Dubai: Saudi Arabia and the United Arab Emirates pledged Monday to keep their floundering coalition war against Yemen’s Houthi rebels together after an Emirati troop pullout and the rise of the southern separatists they supported. The joint communique came as the Houthis launched at least six ballistic missiles and two drone attacks into Saudi Arabia, keeping up its pressure on the kingdom as online infighting between the Emirati and Saudi intelligentsia exposed growing cracks between the usually lockstep oil-rich nations. Also Read – Saudi Crown Prince ‘snubbed’ Pak PM, recalled jet from USThe statement, carried by both the Emirati and Saudi state news agencies, said both nations’ “political, military, relief and development efforts” would continue. It also said the countries both rejected and condemned the “accusations and defamation campaigns targeting the UAE” since its decision in June to begin withdrawing troops. The UAE, an autocratic federation of seven sheikhdoms home to Dubai, has not publicly acknowledged how many troops it withdrew from Yemen. Yemeni officials have suggested Emirati troop strength has dropped by as much as 75% out of around 10,000 troops. Also Read – Record number of 35 candidates in fray for SL Presidential pollsThe Emirati withdrawal followed rising tensions between Iran and the U.S. over Tehran’s collapsing nuclear deal with world powers, suggesting Abu Dhabi worried about having forces at home in case an armed conflict broke out. While Emirati troops often weren’t directly involved in front-line combat, they organized local forces and handled intelligence operations in Yemen’s south. Those forces included separatists seeking their own nation who have swept into areas to seize control from Yemen’s internationally recognized government, leading to clashes between the supposed allies. The withdrawal of Emirati forces drew derision from Saudi-allied intellectuals online.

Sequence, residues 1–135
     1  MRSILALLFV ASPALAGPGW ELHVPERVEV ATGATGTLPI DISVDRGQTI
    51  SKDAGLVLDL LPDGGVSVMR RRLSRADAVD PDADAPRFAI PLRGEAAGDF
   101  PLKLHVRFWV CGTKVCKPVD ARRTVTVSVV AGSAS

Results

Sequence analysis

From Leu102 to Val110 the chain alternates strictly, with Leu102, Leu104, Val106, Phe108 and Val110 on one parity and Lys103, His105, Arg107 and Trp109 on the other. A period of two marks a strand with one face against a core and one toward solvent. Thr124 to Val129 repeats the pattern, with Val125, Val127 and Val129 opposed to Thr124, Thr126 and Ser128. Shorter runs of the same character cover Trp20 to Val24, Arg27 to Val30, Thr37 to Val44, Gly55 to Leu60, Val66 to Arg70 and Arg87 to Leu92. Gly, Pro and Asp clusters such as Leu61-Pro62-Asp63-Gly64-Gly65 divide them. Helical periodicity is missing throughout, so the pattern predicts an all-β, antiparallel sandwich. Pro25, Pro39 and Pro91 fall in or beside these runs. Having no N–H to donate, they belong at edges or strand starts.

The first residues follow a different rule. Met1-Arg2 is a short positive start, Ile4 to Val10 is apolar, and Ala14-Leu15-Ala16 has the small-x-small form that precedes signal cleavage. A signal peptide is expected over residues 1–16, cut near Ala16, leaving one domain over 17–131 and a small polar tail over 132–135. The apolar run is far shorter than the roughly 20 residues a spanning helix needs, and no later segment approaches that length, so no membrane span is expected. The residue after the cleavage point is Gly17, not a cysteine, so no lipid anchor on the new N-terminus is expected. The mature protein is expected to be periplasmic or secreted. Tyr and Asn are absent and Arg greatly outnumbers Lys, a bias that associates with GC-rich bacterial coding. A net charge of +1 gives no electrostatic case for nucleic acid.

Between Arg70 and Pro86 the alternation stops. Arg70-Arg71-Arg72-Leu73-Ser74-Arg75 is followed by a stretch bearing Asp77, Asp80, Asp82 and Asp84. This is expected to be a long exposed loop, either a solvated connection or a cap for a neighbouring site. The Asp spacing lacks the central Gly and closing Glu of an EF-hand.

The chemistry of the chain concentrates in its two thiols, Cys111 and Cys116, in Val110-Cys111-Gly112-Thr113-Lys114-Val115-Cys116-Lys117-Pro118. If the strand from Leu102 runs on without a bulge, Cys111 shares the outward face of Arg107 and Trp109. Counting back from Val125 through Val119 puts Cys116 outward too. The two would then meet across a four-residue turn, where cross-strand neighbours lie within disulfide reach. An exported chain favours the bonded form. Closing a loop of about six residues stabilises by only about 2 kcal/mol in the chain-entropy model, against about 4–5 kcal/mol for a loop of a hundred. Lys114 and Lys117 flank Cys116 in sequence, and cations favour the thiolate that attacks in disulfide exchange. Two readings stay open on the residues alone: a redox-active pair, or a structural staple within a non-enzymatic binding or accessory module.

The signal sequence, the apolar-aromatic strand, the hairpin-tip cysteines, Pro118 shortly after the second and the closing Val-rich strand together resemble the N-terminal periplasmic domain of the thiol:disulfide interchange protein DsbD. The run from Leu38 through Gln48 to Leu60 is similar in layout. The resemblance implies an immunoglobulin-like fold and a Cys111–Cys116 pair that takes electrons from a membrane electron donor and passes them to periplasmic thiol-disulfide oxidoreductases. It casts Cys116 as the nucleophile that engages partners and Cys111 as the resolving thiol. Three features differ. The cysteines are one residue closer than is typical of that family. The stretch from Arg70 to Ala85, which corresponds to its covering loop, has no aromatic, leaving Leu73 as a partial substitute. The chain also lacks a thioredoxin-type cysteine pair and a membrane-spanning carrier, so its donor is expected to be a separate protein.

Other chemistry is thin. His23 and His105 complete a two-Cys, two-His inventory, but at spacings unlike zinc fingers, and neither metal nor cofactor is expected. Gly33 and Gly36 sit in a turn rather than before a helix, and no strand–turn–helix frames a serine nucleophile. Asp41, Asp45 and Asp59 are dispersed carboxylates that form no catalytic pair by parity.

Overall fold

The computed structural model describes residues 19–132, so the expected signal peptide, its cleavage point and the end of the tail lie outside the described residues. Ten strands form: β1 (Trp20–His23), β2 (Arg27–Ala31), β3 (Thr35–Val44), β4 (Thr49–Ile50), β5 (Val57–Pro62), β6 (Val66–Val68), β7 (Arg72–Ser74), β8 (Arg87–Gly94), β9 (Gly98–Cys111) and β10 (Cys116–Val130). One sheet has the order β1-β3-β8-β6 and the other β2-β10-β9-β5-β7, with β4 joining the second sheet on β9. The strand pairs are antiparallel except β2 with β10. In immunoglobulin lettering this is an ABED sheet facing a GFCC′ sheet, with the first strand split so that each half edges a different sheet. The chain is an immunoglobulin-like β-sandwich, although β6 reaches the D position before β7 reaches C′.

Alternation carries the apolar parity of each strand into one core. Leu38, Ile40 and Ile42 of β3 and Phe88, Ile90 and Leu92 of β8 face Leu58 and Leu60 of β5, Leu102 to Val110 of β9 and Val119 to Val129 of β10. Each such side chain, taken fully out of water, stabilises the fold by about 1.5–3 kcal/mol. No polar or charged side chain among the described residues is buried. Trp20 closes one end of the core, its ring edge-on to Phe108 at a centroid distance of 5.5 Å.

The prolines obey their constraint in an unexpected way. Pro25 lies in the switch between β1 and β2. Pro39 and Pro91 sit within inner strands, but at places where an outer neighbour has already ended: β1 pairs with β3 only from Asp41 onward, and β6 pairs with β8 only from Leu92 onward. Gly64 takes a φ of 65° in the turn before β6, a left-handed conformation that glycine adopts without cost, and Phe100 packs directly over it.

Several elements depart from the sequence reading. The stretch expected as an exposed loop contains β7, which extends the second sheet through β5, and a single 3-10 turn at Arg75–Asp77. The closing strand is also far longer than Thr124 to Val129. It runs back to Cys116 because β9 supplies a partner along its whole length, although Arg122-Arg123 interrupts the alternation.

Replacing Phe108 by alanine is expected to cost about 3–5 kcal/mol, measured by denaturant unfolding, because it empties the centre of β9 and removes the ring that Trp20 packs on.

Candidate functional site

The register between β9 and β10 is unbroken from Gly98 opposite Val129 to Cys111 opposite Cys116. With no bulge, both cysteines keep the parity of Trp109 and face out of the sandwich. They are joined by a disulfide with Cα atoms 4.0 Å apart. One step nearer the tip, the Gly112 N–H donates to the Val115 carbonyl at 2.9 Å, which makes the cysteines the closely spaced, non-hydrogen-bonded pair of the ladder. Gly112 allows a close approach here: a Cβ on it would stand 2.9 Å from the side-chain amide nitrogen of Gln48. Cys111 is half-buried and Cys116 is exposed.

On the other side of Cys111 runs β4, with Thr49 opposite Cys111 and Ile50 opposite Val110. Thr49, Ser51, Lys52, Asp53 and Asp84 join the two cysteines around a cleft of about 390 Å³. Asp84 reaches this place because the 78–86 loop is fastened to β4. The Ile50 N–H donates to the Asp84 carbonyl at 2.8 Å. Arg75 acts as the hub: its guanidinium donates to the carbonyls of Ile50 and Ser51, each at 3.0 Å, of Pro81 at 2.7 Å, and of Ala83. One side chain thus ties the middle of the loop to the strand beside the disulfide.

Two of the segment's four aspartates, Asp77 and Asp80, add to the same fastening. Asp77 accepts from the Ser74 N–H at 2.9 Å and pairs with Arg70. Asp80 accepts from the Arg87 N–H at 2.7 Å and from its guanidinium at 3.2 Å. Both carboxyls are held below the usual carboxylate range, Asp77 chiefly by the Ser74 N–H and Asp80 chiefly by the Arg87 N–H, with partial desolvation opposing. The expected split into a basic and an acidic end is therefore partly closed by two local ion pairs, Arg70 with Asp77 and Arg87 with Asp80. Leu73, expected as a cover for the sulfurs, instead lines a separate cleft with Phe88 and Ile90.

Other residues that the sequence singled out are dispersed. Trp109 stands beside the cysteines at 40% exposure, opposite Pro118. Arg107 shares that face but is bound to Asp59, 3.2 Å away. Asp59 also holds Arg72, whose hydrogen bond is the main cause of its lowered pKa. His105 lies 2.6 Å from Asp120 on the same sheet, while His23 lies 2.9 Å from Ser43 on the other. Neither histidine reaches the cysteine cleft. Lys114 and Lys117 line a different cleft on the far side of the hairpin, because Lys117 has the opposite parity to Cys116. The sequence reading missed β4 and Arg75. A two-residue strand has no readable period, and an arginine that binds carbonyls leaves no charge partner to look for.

FREDERICTON – Residents of the Fredericton apartment complex that was the scene of Friday’s deadly shooting spree are being allowed back into their homes, but many are already thinking about moving out.Four people were gunned down at a four-building complex on Brookside Drive in the city’s north end.Bobbie Lee Wright and Donnie Robichaud died in the shooting, along with responding officers Const. Robb Costello and Const. Sara Burns of Fredericton police.Joseph Cartwright was at work that morning when he got the call from his girlfriend to say that there was gunfire and she and Cartwright’s four-year-old son were scared.“I bolted from work. I couldn’t get any closer than the Tim Horton’s. I could hear the shots and I could see the apartment building but I couldn’t get here. As a parent that’s probably the worst feeling in the world, knowing there’s somebody shooting where your four-year-old son is,” Cartwright said Tuesday.They were not in the same building as the shooter, but were only a few metres away. Police were able to get them safely out of harm’s way.Cartwright said police kicked in the doors of a number of apartments in order to gain entry, but maintenance staff have since made repairs.Other buildings still bear the scars of the tragedy. A window is smashed out in the third floor apartment where the shooter was located, while another window in that apartment has bullet holes.A third floor apartment in another building on the other side of a small courtyard also has bullet holes through its windows, and one bullet hole in the wall.Cartwright, 30, said he’s planning to move out.“I can’t let my kid and my girlfriend be traumatized every time they come home … I have to protect my family. That means getting out of here and getting them safe,” he said.Calvin Cole and his girlfriend were in a basement apartment in the same building as the shooter when the shots were fired Friday.He said they hid in the apartment and stayed put until police finally came to get them out.Cole said it’s something he’ll never forget.“It’s probably going to be on the mind for a while. It’s going to be fresh because it’s a rare occurrence here in Fredericton. It makes me concerned heavily about my neighbourhood,” he said.Cole, 26, said he’s on subsidized housing and will move as soon as a new place can be found for him.Another tenant, who didn’t want to be identified, said she was in a basement apartment in another building, and just stayed on the floor.“The scariest time was when the shooting stopped,” she said. “You didn’t know when it was going to start again, or where it would be coming from.”The Canadian Red Cross is concluding its emergency provision of lodging, meals and other support to residents who were displaced by the shooting.Bill Lawlor, the New Brunswick director for the Red Cross, said residents are being advised to speak to counsellors and others as they return to their apartments.“Many of these people, you have to remember, either heard or actually saw this happen. So it was a very traumatic experience for them on that day, and they now have to return to that very same scene,” he said.Fredericton police say a regimental funeral “to celebrate the lives of our fallen members” will be held on Saturday at the University of New Brunswick.An obituary for Burns said the 43-year-old mother of three boys fulfilled her lifelong dream of becoming a police officer three years ago, after more than 14 years as a stay-at-home mom.“Not a day would go by when she didn’t say aloud, for everyone to hear, ‘I love my job,’” the obituary published on the McAdam’s Funeral Home and Crematorium website said.Lawlor said the Red Cross gained a lot of experience after the Moncton Mountie shootings in 2014, and assisted the hundreds of police and other first responders who attended the regimental funeral. He says they will do the same this Saturday.“We are the second responders in these types of incidents, but we have great respect for the first responder community, so it will be our great privilege to support them during this difficult time,” Lawlor said.Wright is remembered as a compassionate person who “loved to assist others” in an obituary published by Carleton Funeral Home and Crematorium in Jacksonville, near Woodstock, N.B.“Affectionately known as ‘bubbles,’ those that had the honour of knowing her well knew this described her perfectly,” it said.The obituary said Wright graduated from Canterbury High School in 2003 and from New Brunswick Community College with a diploma in medical office administration in 2008. She had previously worked on a tree farm, catered and worked in an office before embarking on a career as a home support worker.A public visitation was set for Wednesday between 6 p.m. and 8 p.m., although there will be no funeral service by request.An obituary for Robichaud said he is survived by a wife and three children, and there will be no visitation or funeral, in keeping with his wishes.Matthew Vincent Raymond, 48, was charged with four counts of first-degree murder. He is set to appear in court on Aug. 27.During a news conference Monday, police Chief Leanne Fitch urged the public to be patient, saying the investigation is “very much active and is focused on finding facts” — a sentiment she repeated in a statement Tuesday evening.Fitch said she was responding to “media criticism” of police being “tight lipped and not providing certain details of the ongoing investigation.”“As with any criminal investigation, we cannot make assumptions or let rumours and speculation direct us. We must deal with facts and evidence,” Fitch’s statement said. “This protects the integrity of the investigation and it protects the upcoming court case.”She added that the questions being raised “are the same questions the investigators are seeking answers to.”“As your police force, I assure you we are going to get those answers, but we need to do it right. Doing it right means being patient and being thorough so that all investigative possibilities are looked at,” she said.Police have said the man accused in one of the deadliest shootings in New Brunswick history had a firearms licence and allegedly used a long gun that can be legally obtained in Canada.Fitch has also confirmed one of the officers who responded to the shooting was wearing a body camera and that the camera evidence was provided to the RCMP.